Virtual Reality has been a holy grail in gaming for years.
Nintendo have attempted it, SEGA almost attempted it, and Sony are one-step-in-one-step-out attempting it.
However, as PC's become faster and more powerful, it's allowed for VR games to be a tangible offering, and only in recent years, it's reached a consumer market.
This is where a plethora of headsets have arrived that have allowed a whole new take on how we interact with games.
The lovely folks at HTC sent us a headset to review, and over the last month we've been trying many games out to see if you should use your savings on a headset and its wand-controllers for VR. Keep on reading for our thoughts...
Design - Score 90
In its huge box, you have the headset, the two joysticks, two sensors, and many wires for each to make sure its plugged into your PC correctly.
Once you wire everything up and make sure that the two sensors are spaced well-apart from one another, you have two joysticks and a headset to wear. As I'm short-sighted, I need to wear my glasses in order to see things clearly, and wearing them with this headset had no issues for me.
Setting it up through the PC was very laborious; installing the drivers for each wand, sensor and the headset, alongside the software packages required took a good half hour for everything to be ready for use. If you're expecting a quick pick up and play when you unbox this, brace yourself.
Using the wand-controllers felt natural, with the triggers, buttons and touchpads all in the right places, while the battery lasted a good week of intense use between charges, it's just a shame that they're micro-USB, not USB-C.
Adjusting the headset takes some getting used to; you have to make sure that it's tight enough so you can move without it going out of focus, while the strap at the top is comfortable enough that it doesn't take the immersion out.
While the integrated headphones were loud and clear when needed, making sure that the 'click' occurred so that they wouldn't pop out, was something that I would need to do repeatedly. Sliding them up, sliding them down, it required just the right amount so that they fit on your ears. It's the one negative from this headset; they feel flimsy, and if you're in a game and these pop out, it instantly breaks the immersion.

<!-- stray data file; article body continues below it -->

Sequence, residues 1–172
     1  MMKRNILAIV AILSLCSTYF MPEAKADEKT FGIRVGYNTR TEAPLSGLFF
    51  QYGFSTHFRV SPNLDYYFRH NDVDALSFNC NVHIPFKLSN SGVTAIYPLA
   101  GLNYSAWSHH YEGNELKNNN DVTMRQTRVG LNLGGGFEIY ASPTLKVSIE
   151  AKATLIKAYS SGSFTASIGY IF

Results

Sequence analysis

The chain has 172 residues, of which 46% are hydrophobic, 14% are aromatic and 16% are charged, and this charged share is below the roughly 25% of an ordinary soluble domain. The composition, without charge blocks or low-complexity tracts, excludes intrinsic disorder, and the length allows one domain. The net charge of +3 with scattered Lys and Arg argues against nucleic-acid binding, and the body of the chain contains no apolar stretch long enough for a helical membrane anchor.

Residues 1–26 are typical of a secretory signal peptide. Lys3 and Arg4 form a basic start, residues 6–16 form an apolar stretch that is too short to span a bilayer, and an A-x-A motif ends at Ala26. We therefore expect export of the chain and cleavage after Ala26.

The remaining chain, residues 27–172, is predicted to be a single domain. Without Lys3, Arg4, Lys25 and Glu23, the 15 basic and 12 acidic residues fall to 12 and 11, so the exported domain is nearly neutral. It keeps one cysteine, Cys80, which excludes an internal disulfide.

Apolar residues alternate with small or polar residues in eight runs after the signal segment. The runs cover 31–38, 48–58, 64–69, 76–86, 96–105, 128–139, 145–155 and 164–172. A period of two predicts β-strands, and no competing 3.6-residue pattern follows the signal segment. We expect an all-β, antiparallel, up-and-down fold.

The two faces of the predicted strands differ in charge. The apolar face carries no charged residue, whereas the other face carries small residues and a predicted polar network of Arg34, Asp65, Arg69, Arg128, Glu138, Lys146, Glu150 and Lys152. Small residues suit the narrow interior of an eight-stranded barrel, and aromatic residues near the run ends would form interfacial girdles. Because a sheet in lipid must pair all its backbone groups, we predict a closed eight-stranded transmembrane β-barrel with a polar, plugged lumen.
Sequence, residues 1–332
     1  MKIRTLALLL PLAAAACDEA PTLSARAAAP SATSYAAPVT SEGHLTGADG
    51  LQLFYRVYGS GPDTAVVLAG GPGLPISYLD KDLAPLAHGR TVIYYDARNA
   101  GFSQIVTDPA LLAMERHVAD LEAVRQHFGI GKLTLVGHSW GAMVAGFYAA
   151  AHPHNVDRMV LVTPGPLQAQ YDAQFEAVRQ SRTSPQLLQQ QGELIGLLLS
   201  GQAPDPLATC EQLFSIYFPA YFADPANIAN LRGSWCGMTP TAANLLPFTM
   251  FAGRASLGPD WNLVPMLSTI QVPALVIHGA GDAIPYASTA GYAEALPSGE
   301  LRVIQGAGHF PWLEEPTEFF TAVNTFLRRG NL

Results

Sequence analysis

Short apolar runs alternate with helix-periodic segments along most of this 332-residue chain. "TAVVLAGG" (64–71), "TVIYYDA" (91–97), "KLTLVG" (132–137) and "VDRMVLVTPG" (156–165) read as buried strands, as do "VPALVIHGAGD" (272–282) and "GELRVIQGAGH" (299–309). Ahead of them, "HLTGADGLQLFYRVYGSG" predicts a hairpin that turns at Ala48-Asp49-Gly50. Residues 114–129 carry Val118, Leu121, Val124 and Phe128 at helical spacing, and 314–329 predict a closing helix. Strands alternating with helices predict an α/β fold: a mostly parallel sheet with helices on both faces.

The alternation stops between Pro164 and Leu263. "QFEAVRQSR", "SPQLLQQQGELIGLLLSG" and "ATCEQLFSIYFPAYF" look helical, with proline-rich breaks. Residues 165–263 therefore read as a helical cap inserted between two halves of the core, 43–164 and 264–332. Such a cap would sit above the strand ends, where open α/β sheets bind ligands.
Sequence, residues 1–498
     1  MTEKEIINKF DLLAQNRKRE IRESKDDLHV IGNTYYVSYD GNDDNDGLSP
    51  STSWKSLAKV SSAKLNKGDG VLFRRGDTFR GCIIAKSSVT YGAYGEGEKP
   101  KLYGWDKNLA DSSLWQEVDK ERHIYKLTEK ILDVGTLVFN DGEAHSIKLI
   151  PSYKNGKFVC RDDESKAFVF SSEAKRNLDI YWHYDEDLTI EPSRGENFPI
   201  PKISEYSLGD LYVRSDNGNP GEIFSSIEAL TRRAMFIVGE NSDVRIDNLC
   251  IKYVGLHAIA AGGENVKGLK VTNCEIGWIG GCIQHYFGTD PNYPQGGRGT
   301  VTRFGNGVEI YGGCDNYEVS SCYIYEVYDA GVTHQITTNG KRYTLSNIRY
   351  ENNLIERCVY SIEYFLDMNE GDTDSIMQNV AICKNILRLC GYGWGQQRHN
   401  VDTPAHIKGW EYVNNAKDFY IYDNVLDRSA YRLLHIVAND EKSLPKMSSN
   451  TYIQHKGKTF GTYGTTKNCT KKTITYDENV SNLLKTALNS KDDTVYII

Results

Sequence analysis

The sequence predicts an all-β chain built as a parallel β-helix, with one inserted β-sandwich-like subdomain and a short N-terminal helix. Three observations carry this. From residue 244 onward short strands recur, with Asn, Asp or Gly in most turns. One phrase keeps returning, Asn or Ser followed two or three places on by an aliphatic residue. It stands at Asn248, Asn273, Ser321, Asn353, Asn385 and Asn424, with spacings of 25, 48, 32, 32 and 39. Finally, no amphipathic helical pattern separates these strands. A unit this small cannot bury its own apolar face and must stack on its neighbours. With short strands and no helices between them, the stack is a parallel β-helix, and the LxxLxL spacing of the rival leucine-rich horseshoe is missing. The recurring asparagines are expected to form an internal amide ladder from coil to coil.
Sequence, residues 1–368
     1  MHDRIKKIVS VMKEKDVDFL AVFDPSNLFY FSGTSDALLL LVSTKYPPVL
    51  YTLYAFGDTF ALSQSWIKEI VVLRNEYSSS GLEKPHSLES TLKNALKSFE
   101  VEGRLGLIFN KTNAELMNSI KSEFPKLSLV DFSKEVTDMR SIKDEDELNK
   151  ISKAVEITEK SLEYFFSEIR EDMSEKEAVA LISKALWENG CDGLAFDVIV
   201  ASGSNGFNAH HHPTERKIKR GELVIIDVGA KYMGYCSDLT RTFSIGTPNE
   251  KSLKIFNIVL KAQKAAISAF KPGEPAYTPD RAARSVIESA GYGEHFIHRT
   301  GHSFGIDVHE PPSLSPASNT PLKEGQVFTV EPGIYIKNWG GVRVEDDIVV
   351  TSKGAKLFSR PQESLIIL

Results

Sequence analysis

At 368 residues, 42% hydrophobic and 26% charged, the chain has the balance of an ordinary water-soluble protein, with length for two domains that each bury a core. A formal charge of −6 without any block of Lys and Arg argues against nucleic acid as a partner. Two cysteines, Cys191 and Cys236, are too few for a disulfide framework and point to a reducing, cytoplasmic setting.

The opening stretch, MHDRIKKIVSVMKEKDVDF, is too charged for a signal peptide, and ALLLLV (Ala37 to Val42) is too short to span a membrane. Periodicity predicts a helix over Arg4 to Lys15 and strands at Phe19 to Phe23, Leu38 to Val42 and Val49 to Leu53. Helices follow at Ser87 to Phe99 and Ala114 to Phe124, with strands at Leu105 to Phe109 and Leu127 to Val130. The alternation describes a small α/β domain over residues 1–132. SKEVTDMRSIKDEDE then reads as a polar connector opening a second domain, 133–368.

However, apart from the flimsy headphones, everything is made at a premium here; from the unboxing of everything to using them in a 'Half Life Alyx' playthrough. Everything works well, and the headset is light enough that you don't feel like you've got a vice on your head.
Games Library - Score 95
If you've watched the 'Masterchef' tv show, you will come to discover the 'signature dish'. This is a Chef's plate of food that defines them; their career and what they understand about food. It's the justification to why they are in this career in the first place.
When it comes to VR Gaming; if you had asked me what its 'signature dish' was before March of this year, I'd have struggled to give you an answer in less than five seconds. Possibly Fruit Ninja VR, or Beat Saber.
Here's the system requirements for the Elite:
- Processor - Intel Core i5-4590 or AMD FX 8350 equivalent
- Graphics - Nvidia GeForce GTX 970 4GB, AMD Radeon R9 290 4GB equivalent
- Memory - 4GB of RAM or more
- Video-out: DisplayPort 1.2
- USB ports: 1 x USB 3.0
But after March, it became an easy answer; 'Half Life: Alyx'.
As I was trying out the massive plethora of games available on the Vive library and Steam VR, all of them did the job of being 'VR'; waving the joystick around and feeling as if you were in that world, but the majority you could do sitting down.